First Thing, Daily Maverick's flagship newsletter

Join the 230 000 South Africans who read First Thing newsletter.

We'd like our readers to start paying for Daily Maverick

More specifically, we'd like those who can afford to pay to start paying. What it comes down to is whether or not you value Daily Maverick. Think of us in terms of your daily cappuccino from your favourite coffee shop. It costs around R35. That’s R1,050 per month on frothy milk. Don’t get us wrong, we’re almost exclusively fuelled by coffee. BUT maybe R200 of that R1,050 could go to the journalism that’s fighting for the country?

We don’t dictate how much we’d like our readers to contribute. After all, how much you value our work is subjective (and frankly, every amount helps). At R200, you get it back in Uber Eats and ride vouchers every month, but that’s just a suggestion. A little less than a week’s worth of cappuccinos.

We can't survive on hope and our own determination. Our country is going to be considerably worse off if we don’t have a strong, sustainable news media. If you’re rejigging your budgets, and it comes to choosing between frothy milk and Daily Maverick, we hope you might reconsider that cappuccino.

We need your help. And we’re not ashamed to ask for it.

Our mission is to Defend Truth. Join Maverick Insider.

Support Daily Maverick→
Payment options

R&B singer R Kelly sentenced to 30 years in prison in s...

Newsdeck

R. Kelly sentenced

R&B singer R Kelly sentenced to 30 years in prison in sex case

(FILE) - US singer R. Kelly stands under an umbrella looking for his vehicle as he leaves court at the Leighton Criminal Courts building after a status hearing on his sexual assault charges in Chicago, Illinois, USA, 07 May 2019 (reissued 12 July 2019). According to reports, R. Kelly was arrested on 11 July with new charges of sexual assault, including child pornography, enticement of a minor and obstruction of justice. EPA-EFE/TANNEN MAURY
By Reuters
30 Jun 2022 0

NEW YORK, June 29 (Reuters) - R Kelly was sentenced on Wednesday to 30 years in prison, following the multiplatinum R&B singer's conviction for exploiting his stardom and wealth over decades to lure women and underage girls into his orbit for sex.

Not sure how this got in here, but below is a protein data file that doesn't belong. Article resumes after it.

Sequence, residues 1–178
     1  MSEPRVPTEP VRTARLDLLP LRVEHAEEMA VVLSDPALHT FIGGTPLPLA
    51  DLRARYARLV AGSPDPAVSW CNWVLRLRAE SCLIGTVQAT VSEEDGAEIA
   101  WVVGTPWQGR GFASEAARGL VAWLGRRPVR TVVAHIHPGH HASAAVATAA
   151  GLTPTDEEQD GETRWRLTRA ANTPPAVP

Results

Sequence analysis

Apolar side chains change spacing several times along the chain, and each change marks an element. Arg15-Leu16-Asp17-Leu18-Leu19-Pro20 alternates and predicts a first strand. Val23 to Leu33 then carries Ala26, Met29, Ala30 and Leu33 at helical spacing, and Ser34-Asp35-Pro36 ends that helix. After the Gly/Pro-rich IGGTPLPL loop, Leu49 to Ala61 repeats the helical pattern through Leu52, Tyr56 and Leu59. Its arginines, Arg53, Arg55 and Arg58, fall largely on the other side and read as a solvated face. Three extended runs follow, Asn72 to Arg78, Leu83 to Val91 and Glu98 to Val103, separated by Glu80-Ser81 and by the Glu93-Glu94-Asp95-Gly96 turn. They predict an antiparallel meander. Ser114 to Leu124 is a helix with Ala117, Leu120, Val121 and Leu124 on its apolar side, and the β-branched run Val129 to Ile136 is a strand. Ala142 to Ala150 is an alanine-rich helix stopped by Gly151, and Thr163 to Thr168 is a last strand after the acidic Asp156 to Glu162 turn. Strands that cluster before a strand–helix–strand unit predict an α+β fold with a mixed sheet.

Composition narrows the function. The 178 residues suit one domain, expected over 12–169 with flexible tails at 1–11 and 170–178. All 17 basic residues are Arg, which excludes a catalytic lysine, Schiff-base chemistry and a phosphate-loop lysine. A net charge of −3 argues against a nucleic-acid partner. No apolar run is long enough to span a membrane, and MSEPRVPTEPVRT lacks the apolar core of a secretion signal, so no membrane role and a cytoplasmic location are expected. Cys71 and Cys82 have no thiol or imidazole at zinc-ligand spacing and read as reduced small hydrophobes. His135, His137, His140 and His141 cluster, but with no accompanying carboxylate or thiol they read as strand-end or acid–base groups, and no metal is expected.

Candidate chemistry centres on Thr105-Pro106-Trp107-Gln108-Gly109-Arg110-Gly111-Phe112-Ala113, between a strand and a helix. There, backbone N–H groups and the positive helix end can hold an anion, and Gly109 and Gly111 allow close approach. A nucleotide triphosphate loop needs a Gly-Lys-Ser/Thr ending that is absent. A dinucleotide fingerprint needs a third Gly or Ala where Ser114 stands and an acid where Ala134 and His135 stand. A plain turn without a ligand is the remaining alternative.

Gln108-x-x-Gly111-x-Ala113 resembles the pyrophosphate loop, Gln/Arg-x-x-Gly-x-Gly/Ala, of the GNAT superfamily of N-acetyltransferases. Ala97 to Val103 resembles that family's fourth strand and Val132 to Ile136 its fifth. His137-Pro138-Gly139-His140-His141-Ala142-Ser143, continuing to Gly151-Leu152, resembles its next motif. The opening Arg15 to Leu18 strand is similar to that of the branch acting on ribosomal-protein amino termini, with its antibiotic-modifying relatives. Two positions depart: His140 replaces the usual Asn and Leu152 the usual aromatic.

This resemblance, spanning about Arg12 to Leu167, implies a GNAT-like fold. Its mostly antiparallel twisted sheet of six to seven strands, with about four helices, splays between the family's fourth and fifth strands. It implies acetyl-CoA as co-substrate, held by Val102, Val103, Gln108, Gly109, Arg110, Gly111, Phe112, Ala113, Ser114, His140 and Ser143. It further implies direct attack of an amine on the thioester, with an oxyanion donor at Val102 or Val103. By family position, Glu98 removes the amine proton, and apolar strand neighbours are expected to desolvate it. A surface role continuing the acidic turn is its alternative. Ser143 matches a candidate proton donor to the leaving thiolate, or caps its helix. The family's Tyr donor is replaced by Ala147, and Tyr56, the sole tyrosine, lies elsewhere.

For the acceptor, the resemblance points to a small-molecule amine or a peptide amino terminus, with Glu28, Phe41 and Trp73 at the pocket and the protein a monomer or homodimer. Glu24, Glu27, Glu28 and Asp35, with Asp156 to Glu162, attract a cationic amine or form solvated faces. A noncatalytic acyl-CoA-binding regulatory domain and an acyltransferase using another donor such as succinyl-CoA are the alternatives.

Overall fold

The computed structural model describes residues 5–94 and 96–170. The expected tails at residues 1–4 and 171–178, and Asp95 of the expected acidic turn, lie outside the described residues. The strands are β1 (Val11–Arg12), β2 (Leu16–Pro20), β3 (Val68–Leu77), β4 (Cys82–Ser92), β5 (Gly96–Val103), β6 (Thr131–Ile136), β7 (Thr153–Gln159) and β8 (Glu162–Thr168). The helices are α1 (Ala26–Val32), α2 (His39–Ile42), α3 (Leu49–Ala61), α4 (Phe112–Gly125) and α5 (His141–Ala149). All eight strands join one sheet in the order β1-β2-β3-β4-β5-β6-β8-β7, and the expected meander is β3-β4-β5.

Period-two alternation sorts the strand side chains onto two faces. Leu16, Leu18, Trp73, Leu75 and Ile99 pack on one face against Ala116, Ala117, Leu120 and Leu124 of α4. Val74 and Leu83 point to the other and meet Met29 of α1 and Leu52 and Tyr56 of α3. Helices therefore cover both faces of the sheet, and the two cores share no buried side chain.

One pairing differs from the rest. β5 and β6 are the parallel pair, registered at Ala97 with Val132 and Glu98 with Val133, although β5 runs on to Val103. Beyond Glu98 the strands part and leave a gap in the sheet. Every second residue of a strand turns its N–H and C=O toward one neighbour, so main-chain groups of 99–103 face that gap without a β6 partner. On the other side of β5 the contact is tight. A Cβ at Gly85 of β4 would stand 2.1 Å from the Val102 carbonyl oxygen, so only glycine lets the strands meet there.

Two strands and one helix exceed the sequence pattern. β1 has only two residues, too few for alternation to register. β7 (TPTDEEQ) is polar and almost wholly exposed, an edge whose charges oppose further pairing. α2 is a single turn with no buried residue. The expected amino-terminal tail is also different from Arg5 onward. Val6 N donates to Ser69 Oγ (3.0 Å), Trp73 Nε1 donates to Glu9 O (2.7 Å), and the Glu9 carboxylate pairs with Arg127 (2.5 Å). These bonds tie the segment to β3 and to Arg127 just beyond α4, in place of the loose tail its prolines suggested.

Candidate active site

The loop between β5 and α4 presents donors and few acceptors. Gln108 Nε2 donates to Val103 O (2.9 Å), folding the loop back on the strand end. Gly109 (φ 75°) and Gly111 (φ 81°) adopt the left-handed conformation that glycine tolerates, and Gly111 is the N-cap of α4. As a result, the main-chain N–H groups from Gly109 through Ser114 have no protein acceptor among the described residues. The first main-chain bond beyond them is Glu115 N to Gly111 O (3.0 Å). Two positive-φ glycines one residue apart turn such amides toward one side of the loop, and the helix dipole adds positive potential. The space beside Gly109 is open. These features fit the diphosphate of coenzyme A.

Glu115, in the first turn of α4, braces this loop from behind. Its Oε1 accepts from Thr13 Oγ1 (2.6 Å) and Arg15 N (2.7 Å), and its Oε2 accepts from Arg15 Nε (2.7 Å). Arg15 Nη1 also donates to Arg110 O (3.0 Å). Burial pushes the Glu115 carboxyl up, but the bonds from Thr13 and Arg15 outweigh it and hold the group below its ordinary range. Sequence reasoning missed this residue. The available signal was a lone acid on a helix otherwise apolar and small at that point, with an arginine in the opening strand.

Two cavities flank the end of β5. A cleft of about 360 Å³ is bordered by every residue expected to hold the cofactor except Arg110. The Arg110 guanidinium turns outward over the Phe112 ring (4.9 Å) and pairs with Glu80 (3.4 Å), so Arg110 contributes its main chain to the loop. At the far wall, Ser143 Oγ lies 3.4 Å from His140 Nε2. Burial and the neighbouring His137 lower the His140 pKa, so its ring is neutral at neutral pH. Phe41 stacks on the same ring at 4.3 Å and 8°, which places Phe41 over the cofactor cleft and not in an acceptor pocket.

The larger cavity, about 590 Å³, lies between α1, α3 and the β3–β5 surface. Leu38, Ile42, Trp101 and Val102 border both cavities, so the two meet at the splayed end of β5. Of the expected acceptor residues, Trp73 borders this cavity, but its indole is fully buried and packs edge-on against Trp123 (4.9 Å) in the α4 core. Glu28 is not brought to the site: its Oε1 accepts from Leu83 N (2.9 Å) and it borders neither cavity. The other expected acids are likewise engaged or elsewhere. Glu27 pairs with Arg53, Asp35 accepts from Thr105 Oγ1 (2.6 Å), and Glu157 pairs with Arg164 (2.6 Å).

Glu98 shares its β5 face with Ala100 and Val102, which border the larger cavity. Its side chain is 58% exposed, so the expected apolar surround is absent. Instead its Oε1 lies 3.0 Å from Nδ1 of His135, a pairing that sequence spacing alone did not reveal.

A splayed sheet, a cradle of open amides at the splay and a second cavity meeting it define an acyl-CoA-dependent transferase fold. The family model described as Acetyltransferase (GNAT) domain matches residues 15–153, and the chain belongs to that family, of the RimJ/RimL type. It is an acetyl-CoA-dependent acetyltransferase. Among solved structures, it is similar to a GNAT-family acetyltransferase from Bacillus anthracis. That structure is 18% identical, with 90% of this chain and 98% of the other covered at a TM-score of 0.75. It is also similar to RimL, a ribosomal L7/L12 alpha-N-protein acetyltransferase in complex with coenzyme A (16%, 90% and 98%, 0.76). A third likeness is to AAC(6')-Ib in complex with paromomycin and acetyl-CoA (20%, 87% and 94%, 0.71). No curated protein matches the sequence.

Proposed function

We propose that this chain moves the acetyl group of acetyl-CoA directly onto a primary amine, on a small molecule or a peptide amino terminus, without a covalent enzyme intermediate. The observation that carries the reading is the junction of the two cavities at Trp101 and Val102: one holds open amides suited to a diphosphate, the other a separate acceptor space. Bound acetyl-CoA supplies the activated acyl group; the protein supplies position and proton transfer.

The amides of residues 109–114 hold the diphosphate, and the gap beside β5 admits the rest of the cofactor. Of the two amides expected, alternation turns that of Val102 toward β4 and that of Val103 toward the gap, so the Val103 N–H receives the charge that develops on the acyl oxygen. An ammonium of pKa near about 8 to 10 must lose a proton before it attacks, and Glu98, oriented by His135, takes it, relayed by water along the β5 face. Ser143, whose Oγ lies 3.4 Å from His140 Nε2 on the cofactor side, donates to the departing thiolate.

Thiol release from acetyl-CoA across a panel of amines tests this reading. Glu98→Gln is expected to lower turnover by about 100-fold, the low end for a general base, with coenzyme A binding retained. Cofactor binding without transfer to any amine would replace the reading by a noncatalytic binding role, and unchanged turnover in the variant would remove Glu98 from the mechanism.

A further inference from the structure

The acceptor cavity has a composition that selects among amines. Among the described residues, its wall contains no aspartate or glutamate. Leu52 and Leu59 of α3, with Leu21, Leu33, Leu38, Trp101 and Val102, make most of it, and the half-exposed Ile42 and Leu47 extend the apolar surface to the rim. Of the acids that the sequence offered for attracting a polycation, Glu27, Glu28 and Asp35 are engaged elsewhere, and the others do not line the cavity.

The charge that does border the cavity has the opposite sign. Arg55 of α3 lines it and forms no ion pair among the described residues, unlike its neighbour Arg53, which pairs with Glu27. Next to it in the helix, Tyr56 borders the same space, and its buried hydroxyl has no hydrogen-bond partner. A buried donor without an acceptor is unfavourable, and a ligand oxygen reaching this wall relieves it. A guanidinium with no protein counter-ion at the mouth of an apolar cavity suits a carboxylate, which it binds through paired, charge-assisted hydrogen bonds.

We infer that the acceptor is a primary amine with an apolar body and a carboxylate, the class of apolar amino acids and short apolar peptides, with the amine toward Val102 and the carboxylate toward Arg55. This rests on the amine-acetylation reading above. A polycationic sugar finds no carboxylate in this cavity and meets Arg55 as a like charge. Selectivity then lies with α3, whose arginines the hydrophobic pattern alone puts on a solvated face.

By Luc Cohen

The sentence was imposed nine months after Kelly, 55, was convicted of racketeering and sex crimes, in a trial that amplified accusations that had dogged the singer of the Grammy-winning hit “I Believe I Can Fly” for two decades. Read full story

U.S. District Judge Ann Donnelly in Brooklyn federal court said the evidence reflected Kelly’s “indifference to human suffering” and “sheer brutality” toward his victims.

“This case is not about sex. It’s about violence and cruelty and control,” Donnelly told Kelly. “You left in your wake a trail of broken lives.”

Kelly, whose full name is Robert Sylvester Kelly, is among the most prominent people convicted of sexual misbehavior during the #MeToo movement against such conduct by prominent men.

He did not speak during Wednesday’s hearing, but has repeatedly denied sexual abuse accusations.

 

DO YOU REMEMBER THAT?’

The sentencing came after several accusers, some of whom were tearful, told the judge about how Kelly promised to mentor them and help them attain stardom, only to subject them to degrading sexual treatment and physical harm.

Many said the abuse led to mental health problems that persist.

“As a teenager, I didn’t know how to say no to R Kelly when he asked me to perform oral sex on him,” said a woman identified as Jane Doe No. 2.

She then paused, looked at Kelly, and asked, “Do you remember that?”

Kelly wore a black face mask and beige prison clothing to his sentencing.

Several accusers testified during the 5-1/2 week trial about how Kelly would demand that his victims strictly obey his rules

These included needing his permission go to the bathroom, calling him “Daddy,” and writing “apology letters” that purported to absolve Kelly of wrongdoing, among others.

The alleged victims included the singer Aaliyah, who prosecutors said Kelly fraudulently married when she was 15 to conceal earlier abuse. Aaliyah died in 2001.

 

NO REMORSE

He was convicted on nine criminal charges, including one count of racketeering and eight counts of violating the Mann Act, which bars transporting people across state lines for prostitution.

Prosecutors had urged a prison sentence of more than 25 years, saying Kelly had demonstrated a “callous disregard” for his victims and shown no remorse. Read full story

Defense lawyers said Kelly deserved no more than 10 years, the mandatory minimum, arguing that his history as an abused child may have led to his adult “hypersexuality,” and that he no longer posed a threat. Read full story

“This court must distinguish between what is boorish and bad behavior, and what is criminal conduct,” Kelly’s lawyer Jennifer Bonjean said prior to the sentencing.

Kelly has been in jail since July 2019.

He will likely be transported soon to a jail in Chicago, where he faces an August trial in federal court on child pornography and obstruction charges. He also faces various state charges in Illinois and Minnesota.

 

(Reporting by Luc Cohen in New York; Editing by Richard Chang and Nick Zieminski)


Comments - share your knowledge and experience

Please note you must be a Maverick Insider to comment. Sign up here or sign in if you are already an Insider.

Everybody has an opinion but not everyone has the knowledge and the experience to contribute meaningfully to a discussion. That’s what we want from our members. Help us learn with your expertise and insights on articles that we publish. We encourage different, respectful viewpoints to further our understanding of the world. View our comments policy here.

No Comments, yet

Please peer review 3 community comments before your comment can be posted